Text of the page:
5 Reasons Straight Women Should Read Lesbian Books

Queer women’s literature is my passion in life, and not just because two of my primary identifying characteristics are “giant lesbian” and “reader.” I love lesbian books because they unapologetically centre women in their narratives, and we need more stories like that. Unfortunately, while gay men’s literature has made (some) strides in being seen as worthwhile for readers outside of that demographic, queer women’s literature seems to still be largely seen as only for queer women–unless, perhaps, it belongs to the holy trinity of lesbian literary mainstream writers: Jeanette Winterson, Sarah Waters, and Emma Donoghue. Queer women novels that are not by and about straight cis, abled people face even more barriers. Here are five reasons that straight women should give queer women books a shot.

1. Because They Always Pass the Bechdel Test.

Pass the test? Queer women literature created the test! After reading Maddie’s post about how reading Thomas Hardy led her to reading romance novels, I started to think about how little this comes up in my reading life, because lesbian literature takes that “by women, for women, about women” strategy to the next level. Half of the books I read are queer women books, which means that they are almost always by women and certainly about women. After reading a particularly dude-heavy story, it can be a relief to dive into a book that you know will feature women and will treat them with respect. (Which isn’t to say that misogynistic lesbian books don’t exist, but they’re a lot more rare, in my experience.)

2. Because Love is Love, Man.

Not all lesbian books are romances, but for the ones that are, you don’t need to be attracted to women to relate. If you experience romantic attraction, you can still get butterflies reading about a couple without actually wanting to be either person in that relationship. You might be surprised what you find romantic or sexy regardless of the people involved–a personality trait, a setting, a quippy line. Queer people are very used to having to relate to straight romances because they’re often all we see. In that instance, it can be suffocating, but only when there isn’t any choice involved. Plus, there is less room for a lazy writer to fall back on gender norms, which gives a different dynamic to the relationship.

3. Because You Might Learn Something.

One of the many, many reasons to read more diversely is to learn about experiences different from your own. In my opinion, this is one of the best parts of reading: being able to walk around in someone else’s head. The thing about living in a heterosexist culture is that you’re steeped in it, even if you’re queer positive and really trying. Even as a queer person, I still deal with having to unlearn a lot of what straight (not to mention white, cis, abled) society teaches from an early age. One of the best ways to do that is through consciously choosing the media you absorb in order to counteract some of those messages. Of course, there’s always the chance that you might learn something about yourself, too. For some people, falling down a queer romance/erotica rabbit hole might lead to the conclusion that they’re not as straight as they thought they were.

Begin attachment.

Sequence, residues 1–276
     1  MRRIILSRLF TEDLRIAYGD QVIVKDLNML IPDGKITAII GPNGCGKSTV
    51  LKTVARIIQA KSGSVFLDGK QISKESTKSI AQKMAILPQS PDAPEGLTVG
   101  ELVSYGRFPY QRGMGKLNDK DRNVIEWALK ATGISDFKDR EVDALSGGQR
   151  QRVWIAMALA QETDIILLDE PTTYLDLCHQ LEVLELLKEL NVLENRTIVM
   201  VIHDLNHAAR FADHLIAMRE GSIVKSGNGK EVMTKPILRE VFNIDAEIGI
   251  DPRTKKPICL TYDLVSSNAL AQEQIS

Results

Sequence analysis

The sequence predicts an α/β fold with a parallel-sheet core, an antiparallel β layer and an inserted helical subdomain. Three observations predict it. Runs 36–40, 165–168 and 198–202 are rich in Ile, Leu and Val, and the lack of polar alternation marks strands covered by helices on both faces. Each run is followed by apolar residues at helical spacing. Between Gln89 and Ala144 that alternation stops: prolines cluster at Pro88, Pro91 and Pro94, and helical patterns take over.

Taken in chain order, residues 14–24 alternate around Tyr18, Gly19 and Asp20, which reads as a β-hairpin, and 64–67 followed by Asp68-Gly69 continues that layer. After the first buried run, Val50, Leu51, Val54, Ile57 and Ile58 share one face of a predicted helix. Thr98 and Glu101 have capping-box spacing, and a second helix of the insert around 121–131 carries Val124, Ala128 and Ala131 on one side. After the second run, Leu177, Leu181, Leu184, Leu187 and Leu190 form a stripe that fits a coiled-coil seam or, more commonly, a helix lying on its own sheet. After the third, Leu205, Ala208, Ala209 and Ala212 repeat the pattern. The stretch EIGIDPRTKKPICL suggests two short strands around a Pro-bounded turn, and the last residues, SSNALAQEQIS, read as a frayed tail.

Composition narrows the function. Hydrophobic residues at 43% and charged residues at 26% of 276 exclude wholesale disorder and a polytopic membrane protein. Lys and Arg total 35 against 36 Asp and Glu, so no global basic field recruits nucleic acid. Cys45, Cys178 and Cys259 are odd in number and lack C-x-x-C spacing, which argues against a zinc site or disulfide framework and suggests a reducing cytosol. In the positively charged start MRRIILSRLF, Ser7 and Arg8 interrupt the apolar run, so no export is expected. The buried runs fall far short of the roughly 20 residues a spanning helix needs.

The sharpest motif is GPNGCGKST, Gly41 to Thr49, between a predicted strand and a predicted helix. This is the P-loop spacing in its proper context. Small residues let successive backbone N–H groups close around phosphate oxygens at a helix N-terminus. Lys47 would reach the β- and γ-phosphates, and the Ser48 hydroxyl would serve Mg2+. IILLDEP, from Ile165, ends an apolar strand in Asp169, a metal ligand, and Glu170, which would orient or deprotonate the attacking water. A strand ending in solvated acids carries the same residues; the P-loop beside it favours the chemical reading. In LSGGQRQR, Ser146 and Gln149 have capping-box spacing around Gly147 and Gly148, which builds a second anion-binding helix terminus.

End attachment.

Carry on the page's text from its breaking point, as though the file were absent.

4. Because You’ll Be Fighting Stigma and Helping Closeted Queer People.

Since queer women books are assumed to be only for queer women at this point, it makes it difficult for closeted queer and questioning people to a) buy queer books and b) read queer books publicly. Which is a shame, because that’s the point in which the right book can save your life. Giving queer books more visibility means that for one thing, it sends a message to publishers that these books have an audience and they should publish more of them. Beyond that, it gives closeted and questioning people the possibility of picking up those books without feeling like they’re outing themselves before they’re ready. Just like the “queer people and allies” invitations can give closeted people a cover to attend (“I’m here as an ally”), making queer books more mainstream makes them more accessible to people who aren’t ready or able to come out.

5. Because a Good Story is a Good Story.

One of the best reasons to read diversely: because you’re missing out on fantastic books! Queer books don’t just as much publicity, and because they’re assumed to be just for queer readers, you may not have heard of them. Lesbian books are not just romances and erotica, though those are great, too. They span every genre and range from highbrow literary to cotton candy fluff. If you take a little time to seek out queer women books, I guarantee you that you will find incredible stories that you’ll fall in love with.

So go forth and queer your reading! I’ll be happy to give recommendations if you’re interested, and you can find some good places to start right here on Book Riot, including lesbian classics, general fiction, and romances. Good luck and happy reading!

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